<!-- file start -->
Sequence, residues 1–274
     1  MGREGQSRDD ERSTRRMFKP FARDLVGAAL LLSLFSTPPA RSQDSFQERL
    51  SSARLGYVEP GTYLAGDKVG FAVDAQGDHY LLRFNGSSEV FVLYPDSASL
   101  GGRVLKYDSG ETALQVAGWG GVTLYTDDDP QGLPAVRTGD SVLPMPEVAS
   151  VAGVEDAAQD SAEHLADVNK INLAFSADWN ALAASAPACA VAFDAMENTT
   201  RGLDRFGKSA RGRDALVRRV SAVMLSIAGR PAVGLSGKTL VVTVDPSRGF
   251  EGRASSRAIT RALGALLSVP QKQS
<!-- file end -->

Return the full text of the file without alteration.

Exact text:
Sequence, residues 1–274
     1  MGREGQSRDD ERSTRRMFKP FARDLVGAAL LLSLFSTPPA RSQDSFQERL
    51  SSARLGYVEP GTYLAGDKVG FAVDAQGDHY LLRFNGSSEV FVLYPDSASL
   101  GGRVLKYDSG ETALQVAGWG GVTLYTDDDP QGLPAVRTGD SVLPMPEVAS
   151  VAGVEDAAQD SAEHLADVNK INLAFSADWN ALAASAPACA VAFDAMENTT
   201  RGLDRFGKSA RGRDALVRRV SAVMLSIAGR PAVGLSGKTL VVTVDPSRGF
   251  EGRASSRAIT RALGALLSVP QKQS